By: CEEweb for Biodiversity, a network of 64 non-governmental organizations in the Central and Eastern European region. Our mission is the conservation of biodiversity through the promotion of sustainable development.
Editors note: This is part two of a 6 article series on policy recommendations on climate change, regarding some critically affected sectors. If you missed it, read the introduction on the the interrelation between climate change and biodiversity and the ecosystem-approach in adaptation to climate change
Ecosystem-based approach in agriculture
Agriculture is multifunctional: yield is just one piece of the agricultural system’s outputs. There are several other direct products such as fibres and compost, but also services such as maintaining soil biodiversity, water supply and carbon sequestration, many of which are critically important for long-term sustainability. There are several possibilities in agricultural management to enhance the efficiency of these services at marginal costs, provided that the right management techniques are recognized and implemented. Yet yield receives unbalanced big priority in today’s agriculture allowing intensive techniques to maximize production, while soil biodiversity is not considered to be a productive factor.
Intensive agriculture involves huge externalities in terms of its demand for energy and natural resources, which, besides its significant carbon emissions, makes farming vulnerable to future changes in supply of these resources. Beside their external costs, fertilization regimes negatively influence soil biodiversity and soil organic carbon (SOC) content, which is reflected in the soil’s decreased productivity and resilience against climate change. A clear signal of soil depletion can be seen globally, yet this signal is often hidden by using even more fertilizers to balance against the loss in the soil’s own organic fertility. Intensive agriculture in water stressed areas often results in unsustainable level of water extraction.
In CEEweb’s view, in order to adapt to climate change agricultural systems need to become more sustainable and balanced between the provision of food and many other goods and services at the same time. Techniques should be applied which enhance the soil’s natural productive capacity through increasing its SOC (examples for such techniques: integrating crop residues into the soil, reduced tillage, cover crops and crop rotation, mixed cultures, smaller field size with fields edges and hedgerows, and diversity of management). Enhanced SOC content increases carbon sequestration, water and nutrient retention and decreases the risk of erosion, therefore contributes to climate change mitigation and adaptation as well as to long-term food security.
A sustainable agricultural system is diverse also in terms of spatial structure as well as species and breeds of crops and animals. Structural diversity is resulting in a mosaic-like landscape, where cultivated lands alter with grazing lands and semi-natural habitats (e.g. forest patches, hedgerows, grassland stripes). This diversity is of key importance, making such systems – also called as integrated agricultural systems – much more resilient to extremes than monocultures, be it weather event, invasive alien species or pest outbreak.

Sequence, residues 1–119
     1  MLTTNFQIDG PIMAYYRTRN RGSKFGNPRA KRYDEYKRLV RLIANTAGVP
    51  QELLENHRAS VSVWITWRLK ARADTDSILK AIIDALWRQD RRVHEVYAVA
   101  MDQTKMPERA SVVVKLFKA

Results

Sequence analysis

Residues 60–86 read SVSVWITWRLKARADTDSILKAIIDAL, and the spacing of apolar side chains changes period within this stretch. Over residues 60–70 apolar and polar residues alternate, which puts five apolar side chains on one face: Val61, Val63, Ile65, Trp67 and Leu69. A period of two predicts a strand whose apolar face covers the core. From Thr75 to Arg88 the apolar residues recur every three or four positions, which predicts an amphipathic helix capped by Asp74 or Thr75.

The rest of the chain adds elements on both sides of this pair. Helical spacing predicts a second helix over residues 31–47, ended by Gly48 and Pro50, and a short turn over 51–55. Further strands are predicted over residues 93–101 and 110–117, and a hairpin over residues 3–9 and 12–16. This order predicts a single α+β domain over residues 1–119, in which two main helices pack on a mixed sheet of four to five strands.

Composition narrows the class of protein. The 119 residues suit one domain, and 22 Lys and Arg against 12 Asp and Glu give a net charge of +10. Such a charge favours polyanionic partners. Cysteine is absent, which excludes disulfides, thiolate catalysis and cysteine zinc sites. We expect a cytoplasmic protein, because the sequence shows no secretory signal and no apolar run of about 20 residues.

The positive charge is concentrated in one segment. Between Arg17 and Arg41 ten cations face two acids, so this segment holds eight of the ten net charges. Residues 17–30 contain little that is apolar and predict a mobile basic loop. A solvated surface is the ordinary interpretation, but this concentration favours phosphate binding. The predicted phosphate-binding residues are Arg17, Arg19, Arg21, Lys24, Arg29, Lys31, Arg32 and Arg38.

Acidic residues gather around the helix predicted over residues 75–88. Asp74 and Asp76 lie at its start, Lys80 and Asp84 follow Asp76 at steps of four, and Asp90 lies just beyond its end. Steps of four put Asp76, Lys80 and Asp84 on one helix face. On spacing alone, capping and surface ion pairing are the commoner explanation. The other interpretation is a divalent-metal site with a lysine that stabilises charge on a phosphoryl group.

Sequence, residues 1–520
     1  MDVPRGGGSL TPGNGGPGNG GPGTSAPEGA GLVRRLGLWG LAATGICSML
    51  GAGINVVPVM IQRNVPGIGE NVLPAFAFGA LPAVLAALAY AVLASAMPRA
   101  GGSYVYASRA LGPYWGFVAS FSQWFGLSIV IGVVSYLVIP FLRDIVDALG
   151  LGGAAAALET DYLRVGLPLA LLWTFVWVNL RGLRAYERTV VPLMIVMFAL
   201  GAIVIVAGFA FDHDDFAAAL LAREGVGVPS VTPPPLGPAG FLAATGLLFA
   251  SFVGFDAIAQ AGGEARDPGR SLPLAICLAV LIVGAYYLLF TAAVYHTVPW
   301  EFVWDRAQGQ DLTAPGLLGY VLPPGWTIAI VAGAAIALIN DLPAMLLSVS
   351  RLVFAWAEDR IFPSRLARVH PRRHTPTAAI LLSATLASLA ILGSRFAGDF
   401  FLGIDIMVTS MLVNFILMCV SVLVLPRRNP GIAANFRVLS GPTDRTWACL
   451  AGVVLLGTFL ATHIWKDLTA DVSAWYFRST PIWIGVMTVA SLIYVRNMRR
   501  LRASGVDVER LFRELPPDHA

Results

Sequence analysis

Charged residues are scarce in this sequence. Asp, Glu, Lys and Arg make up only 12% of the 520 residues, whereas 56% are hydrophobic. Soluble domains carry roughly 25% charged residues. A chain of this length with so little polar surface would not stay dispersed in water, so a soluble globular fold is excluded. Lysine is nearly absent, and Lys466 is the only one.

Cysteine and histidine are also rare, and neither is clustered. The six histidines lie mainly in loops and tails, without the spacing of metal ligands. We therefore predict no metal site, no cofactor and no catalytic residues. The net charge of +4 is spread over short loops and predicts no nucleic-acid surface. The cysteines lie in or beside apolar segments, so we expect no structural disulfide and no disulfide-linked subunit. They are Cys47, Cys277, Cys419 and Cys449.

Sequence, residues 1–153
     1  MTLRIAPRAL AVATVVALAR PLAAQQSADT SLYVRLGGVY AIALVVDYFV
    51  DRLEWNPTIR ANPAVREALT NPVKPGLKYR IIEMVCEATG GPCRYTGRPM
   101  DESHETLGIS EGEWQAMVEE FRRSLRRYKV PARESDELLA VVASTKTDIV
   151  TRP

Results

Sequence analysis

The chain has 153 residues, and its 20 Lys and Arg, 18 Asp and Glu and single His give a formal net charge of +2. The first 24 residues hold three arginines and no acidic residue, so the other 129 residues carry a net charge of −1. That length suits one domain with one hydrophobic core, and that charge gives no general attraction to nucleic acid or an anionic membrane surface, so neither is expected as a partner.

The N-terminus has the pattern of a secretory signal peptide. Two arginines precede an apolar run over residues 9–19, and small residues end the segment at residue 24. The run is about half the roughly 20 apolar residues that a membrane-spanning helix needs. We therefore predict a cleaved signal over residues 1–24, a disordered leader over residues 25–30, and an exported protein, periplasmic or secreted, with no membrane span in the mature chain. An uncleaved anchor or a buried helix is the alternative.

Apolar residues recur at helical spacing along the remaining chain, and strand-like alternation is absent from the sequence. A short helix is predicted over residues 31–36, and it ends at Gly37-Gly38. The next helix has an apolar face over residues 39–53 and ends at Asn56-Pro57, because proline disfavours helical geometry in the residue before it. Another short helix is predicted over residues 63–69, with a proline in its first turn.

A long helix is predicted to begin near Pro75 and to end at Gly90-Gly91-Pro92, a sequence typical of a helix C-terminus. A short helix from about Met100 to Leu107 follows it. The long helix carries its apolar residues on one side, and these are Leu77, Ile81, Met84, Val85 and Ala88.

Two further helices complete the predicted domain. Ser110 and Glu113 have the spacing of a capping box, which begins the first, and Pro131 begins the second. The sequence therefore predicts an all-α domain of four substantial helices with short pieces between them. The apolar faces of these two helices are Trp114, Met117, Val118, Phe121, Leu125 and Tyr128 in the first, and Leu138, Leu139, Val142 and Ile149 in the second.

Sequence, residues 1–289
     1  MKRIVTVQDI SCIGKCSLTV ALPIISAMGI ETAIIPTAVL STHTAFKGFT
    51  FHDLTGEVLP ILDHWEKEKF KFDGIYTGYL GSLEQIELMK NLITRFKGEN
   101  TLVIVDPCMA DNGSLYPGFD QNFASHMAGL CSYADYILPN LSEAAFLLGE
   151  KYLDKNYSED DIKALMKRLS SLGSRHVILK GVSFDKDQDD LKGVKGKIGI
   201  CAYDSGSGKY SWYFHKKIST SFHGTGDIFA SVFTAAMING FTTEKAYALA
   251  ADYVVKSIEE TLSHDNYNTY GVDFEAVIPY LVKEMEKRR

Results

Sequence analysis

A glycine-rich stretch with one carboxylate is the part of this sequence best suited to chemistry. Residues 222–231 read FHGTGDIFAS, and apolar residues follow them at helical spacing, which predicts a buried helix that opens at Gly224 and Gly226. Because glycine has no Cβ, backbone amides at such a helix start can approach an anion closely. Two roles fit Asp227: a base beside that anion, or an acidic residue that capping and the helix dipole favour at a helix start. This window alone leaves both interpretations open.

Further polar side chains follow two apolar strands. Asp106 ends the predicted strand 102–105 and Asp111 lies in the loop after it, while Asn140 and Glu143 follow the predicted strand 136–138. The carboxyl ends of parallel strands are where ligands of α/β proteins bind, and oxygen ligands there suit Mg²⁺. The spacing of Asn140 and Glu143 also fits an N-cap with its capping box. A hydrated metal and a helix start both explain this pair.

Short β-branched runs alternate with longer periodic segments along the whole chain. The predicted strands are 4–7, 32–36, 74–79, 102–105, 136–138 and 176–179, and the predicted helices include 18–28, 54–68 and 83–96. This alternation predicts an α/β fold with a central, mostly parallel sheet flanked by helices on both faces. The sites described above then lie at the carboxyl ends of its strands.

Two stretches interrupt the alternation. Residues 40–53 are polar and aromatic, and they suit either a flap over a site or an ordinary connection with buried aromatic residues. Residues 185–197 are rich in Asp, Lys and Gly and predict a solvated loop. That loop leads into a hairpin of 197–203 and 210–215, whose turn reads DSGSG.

Cultivating locally adapted breeds enhances crop diversity at regional scale, and represents the most resilient way of farming in the face of climate change, since they are the result of long-term selection and adapted to specific local circumstances, and furthermore, they can serve as basis for increasing genetic diversity, selecting resistant forms and creating new breeds. Traditional local breeds represent an invaluable part of our natural heritage.
Example: ex situ and on farm conservation of local crop breeds by the National Institute for Agrobotany, Tápiószele, Hungary
Intensification of agriculture has significantly decreased agricultural biodiversity in Hungary since the Second World War. Several species and breeds of cultivated as well as natural plants traditionally occurring in agricultural ecosystems have become rare or extinct, while large-scale farming has accelerated soil deterioration and soil compaction.
As a response to this and following the 1992 Earth Summit in Rio de Janeiro, genetic resources activities have been extended and updated according to the recommendations of Agenda 21, and a National Centre for Agrobiodiversity was organized within the framework of the already existing National Institute for Agrobotany. National Base Collection for seed-propagated crops and their wild relatives was established and the National Database for PGRFA (Plant Genetic Resources for Agriculture) was compiled. The Institute for Agrobotany also acts as a Technical Co-ordination Centre and provides secretarial support for the Hungarian Genebank Council.
Besides maintaining central base collection for seed propagated as well as vegetatively propagated cultivated plants, the Institute supports on farm conservation of agrobiodiversity in three pilot regions: Szarvas, Nyírség and Zselic. Their long-term objective is to widen the on farm conservation programme to national level. To achieve this goal, it is necessary to link ex situ and in situ conservation activities through providing “back up” storage services and preserving random samples from consecutive years to assist monitoring of changes in genetic composition of local varieties planted under traditional conditions.
Source: the official webpage of the National Institute for Agrobotany, http://www.rcat.hu
Check back for the next critical area of climate change adaptation: Water